A mother was holding her baby in her arms when the car they were in crossed the centre-line and slammed into a bank, hurling the infant against the vehicle's interior.
Emergency services were called to the single vehicle crash at Kopaki on State Highway 4 about 8.40am yesterday, Waikato district road policing manager Inspector Freda Grace, said.
The Waikato serious crash unit is investigating to find the cause, but Grace said it involved a westbound small Honda hatchback that failed to negotiate a 65kmh advisory left-hand bend.
Four adults, a child and the baby, aged under one, were inside.
While the adults had seatbelts and the child an approved restraint, the baby is believed to have been sitting in the mother's lap.
"Unrestrained, the baby has been thrown into the rear interior of the car and suffered critical injuries."
Piopio Volunteer Fire Brigade station officer Tama Williams said the mother was stuck in the back seat, due to a back injury, when they arrived.
"We had to cut the roof off the car to get the stretcher and backboard in there to get her out," Williams said.
"Before we got there someone had taken a baby to hospital in another car."
The crew attended about one crash on the "tight" corner every year, he said.
A helicopter was called to airlift the baby to Auckland's Starship children's hospital, but this was delayed due to poor weather conditions. An ambulance took a 3-year-old sibling and the childrens' mother to Waikato Hospital with minor to moderate injuries. The three other adults were treated at the scene.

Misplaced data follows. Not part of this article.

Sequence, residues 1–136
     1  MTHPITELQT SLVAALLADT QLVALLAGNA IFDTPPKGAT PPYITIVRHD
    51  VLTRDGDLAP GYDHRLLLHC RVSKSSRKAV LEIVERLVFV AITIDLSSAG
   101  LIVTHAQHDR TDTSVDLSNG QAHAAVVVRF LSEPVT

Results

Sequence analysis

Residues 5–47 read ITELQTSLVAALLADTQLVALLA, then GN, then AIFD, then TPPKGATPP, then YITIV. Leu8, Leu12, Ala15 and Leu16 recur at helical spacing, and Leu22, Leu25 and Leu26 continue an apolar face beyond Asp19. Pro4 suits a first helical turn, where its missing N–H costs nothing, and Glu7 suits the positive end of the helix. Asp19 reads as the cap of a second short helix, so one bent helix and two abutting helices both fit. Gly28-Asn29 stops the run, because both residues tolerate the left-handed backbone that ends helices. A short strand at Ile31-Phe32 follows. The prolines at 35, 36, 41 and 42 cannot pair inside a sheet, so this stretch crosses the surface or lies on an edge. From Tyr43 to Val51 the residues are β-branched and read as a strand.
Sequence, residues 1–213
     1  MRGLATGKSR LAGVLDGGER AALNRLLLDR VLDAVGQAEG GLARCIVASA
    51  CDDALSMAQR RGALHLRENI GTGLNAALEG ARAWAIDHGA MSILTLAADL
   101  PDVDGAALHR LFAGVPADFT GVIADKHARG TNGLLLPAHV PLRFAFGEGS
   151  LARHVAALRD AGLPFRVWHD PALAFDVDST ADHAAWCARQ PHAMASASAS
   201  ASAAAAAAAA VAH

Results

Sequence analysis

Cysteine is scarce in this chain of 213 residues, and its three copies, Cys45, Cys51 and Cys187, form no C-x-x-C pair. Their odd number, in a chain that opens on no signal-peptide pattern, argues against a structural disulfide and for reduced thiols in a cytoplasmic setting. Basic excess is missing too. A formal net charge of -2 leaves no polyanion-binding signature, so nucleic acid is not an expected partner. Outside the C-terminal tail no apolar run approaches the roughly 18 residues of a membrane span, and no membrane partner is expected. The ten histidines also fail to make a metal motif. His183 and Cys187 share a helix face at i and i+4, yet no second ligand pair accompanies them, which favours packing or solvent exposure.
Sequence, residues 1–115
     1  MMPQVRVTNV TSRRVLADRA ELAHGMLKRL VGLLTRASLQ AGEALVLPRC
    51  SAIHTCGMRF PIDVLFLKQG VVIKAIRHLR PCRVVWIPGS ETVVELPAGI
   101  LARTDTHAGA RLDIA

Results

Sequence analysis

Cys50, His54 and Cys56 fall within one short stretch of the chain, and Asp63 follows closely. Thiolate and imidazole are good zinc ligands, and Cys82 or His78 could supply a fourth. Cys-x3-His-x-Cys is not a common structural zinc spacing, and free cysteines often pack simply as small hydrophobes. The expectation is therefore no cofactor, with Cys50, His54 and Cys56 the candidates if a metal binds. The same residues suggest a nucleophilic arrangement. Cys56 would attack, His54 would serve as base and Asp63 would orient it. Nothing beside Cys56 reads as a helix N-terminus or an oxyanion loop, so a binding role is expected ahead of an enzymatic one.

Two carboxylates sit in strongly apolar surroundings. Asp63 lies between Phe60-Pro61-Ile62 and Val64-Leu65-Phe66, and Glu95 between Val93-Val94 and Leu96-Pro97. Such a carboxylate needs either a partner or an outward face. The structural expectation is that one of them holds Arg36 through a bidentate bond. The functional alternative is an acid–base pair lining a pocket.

Grace said crash investigators were working on establishing what, if any, role two bald tyres on the front of the car played in the driver losing control on the downhill stretch of road.
"It may be that the speed was too fast for the conditions and the condition of the tyres contributed to what happened," she said.
"From a police perspective, we want vehicle owners to ensure their vehicles are roadworthy at all times, not just at the one point in time when their warrant or certificate of fitness is issued.
"At the same time we want them and their passengers to be fit for the road too, meaning they are alert and properly restrained."
It was up to drivers to adapt to the conditions as winter set in, and not only by reducing speed.
"It also means not driving while distracted - last year 10 people died in 10 crashes where driver inattention or distraction were considered contributing factors so the message is, turn off your cellphone, adjust your radio and make sure you're in the zone - before you head off."
- Waikato Times
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